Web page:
If you have been around the Alcoholics Anonymous program at all you have probably heard the title of this post as a preamble to the reading of the 12 Steps. In the life of every alcoholic, drug addict, video game addict, sex addict, there are times where they make attempts to change their behavior. Usually they try to cut back. Or they even quit for a period of time. Or they only engage their addiction on a certain day or a certain time. They say things like, “I was drinking too much so I only drink on the weekends now.” They may tell you that they only smoke weed now and gave up the “hard stuff.” The ways of “cutting back” are endless and creative. When we hear these things, as a loved one of the addict, we are encouraged and hopeful that there is going to be real and lasting change.
A couple of years ago I saw my sister and brother-in-law heading back down the road of alcoholism. They had quit drinking for a couple of years but had never actually entered recovery. Let me pause here to make a quick distinction: quitting does not equal recovery. There are individuals who have the ability to quit for a period of time, often early in their addiction, but without a plan and method to recover from whatever sent them down the road of addiction to begin with, they are in grave danger of returning. When they return they find that their addiction continued even while they had quit. It is the demon returning to find their home swept and in order so they invite hundreds more demons. The next occurrence of their addiction is more terrible than the first. This was the case with my sister and brother-in-law. When they went back out it started slowly and everyone was convinced it wasn’t a big deal. Actually, no one was convinced, they were just hopeful in the face of fear. Having the education in addiction that I have I knew how it all would end. I could see the end and I knew the terrible future that awaited. It was two years of torture watching the slow train wreck of their lives. At one point I wrote a letter to them letting them know their lies weren’t fooling anyone and that they were on a slippery slope. They acknowledged they had a problem and wanted to change. Over the next year or so there were several attempts at change. But the attempts were half measures. If I’m being honest, even my letter was a half measure on my part.
Half measures give us hope. When my sister and brother-in-law acknowledged their problem and that they were going to change I was hopeful. Even though I knew better, I thought there was a chance they could change. After all, they had stopped drinking before. But what they had never done is enter or make any attempts at recovery. What is important to recognize as family or friends of someone suffering from addiction is that any attempt of willpower is a half measure. Just as recovery requires complete honesty on the part of the addict or alcoholic we must be completely honest about what we see in the life of our loved one. Accepting their half measures will only help them stay sick. Let’s call it what it is: half measures are lies and manipulation designed to get you off their back. Their demons are comfortable where they are and will do anything to keep you from interrupting the good thing they got going on. That’s why, when you try to stop them, they fight like hell.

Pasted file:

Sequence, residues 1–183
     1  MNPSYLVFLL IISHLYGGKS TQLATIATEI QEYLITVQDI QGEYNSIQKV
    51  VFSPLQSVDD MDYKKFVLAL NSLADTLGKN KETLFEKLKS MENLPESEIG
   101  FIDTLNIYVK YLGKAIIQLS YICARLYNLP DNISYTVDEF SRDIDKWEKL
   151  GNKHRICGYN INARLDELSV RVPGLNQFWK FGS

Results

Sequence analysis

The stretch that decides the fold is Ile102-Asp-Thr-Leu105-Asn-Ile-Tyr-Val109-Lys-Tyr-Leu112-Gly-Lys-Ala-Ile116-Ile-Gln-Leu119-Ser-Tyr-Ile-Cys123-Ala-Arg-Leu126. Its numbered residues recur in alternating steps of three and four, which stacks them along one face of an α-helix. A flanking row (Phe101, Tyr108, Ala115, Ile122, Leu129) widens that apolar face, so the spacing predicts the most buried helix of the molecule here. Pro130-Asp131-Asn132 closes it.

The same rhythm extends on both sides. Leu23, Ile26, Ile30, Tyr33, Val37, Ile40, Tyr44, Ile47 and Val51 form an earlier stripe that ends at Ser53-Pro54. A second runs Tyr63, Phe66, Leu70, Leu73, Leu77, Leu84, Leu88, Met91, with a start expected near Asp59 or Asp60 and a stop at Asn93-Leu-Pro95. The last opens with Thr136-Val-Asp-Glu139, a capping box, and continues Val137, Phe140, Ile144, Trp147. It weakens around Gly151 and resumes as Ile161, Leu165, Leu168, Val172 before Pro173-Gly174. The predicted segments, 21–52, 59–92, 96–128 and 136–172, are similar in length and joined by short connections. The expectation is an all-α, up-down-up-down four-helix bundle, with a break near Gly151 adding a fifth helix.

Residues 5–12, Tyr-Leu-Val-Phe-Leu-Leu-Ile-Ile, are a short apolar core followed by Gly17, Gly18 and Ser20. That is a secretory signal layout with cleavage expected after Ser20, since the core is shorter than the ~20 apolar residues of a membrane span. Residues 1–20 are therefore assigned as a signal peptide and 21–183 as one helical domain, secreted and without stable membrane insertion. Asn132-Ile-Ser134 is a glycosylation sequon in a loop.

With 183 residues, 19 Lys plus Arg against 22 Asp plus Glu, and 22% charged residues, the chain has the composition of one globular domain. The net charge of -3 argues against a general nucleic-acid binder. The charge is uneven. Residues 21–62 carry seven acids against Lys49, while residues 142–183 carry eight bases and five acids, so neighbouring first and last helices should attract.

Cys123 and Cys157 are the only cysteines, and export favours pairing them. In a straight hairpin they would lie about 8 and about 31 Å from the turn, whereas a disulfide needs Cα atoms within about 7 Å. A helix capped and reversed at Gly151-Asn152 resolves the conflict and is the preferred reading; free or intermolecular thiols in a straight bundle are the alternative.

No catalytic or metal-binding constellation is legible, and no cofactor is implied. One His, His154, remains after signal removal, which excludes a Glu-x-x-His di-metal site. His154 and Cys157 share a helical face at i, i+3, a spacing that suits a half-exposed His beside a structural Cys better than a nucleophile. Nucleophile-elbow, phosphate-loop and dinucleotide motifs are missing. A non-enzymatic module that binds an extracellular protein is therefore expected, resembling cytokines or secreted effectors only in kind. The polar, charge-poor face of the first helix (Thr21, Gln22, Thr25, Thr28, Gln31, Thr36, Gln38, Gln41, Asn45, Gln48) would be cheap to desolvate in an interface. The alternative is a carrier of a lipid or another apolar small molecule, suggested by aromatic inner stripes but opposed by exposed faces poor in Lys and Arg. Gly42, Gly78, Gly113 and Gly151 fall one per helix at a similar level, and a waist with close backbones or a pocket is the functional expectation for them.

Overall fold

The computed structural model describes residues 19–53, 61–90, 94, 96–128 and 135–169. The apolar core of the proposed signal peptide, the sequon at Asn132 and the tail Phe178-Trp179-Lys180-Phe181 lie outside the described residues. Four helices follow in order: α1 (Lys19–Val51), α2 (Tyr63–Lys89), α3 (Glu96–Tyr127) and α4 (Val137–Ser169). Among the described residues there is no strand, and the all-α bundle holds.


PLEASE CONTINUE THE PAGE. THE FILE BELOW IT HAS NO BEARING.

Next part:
Recognizing half measures for what they are is a big step towards getting your loved one help. If you can no longer be manipulated then you can set clear boundaries. The reality is that when someone close to you is sick, their sickness effects you too. If you are also sick, chances are you will keep them sick. In order for them to get well you must also get well. You also must not employ half measures. For example, if you set a boundary where your loved one is not allowed to sleep in your house if they have been out drinking or getting high then you need to stick to it. If they come to you after a night or day of partying and it is either sleep in your house or the sleep on the streets you need to let them sleep on the streets. If you allow them to stay in your house then your boundary was a half measure. Remember, half measures avail us nothing. In other words, they don’t work. In fact, they do the opposite. I know it’s hard to tell a loved one that they have to sleep on the street but what if that is the only way they will get well? By allowing them to stay in your house you have robbed them of the chance for a new life. Think about that! Are you willing to do whatever it takes to get your loved one well? Or do you want to stay sick with them as long as it is a little more comfortable? Wouldn’t you sacrifice a few days of terrible for a new life of awesome? Or do you want to stay in this life of mediocre misery? There is help. There is recovery. There is a good life. Others have it. Others have done it. It isn’t easy, but it is worth it.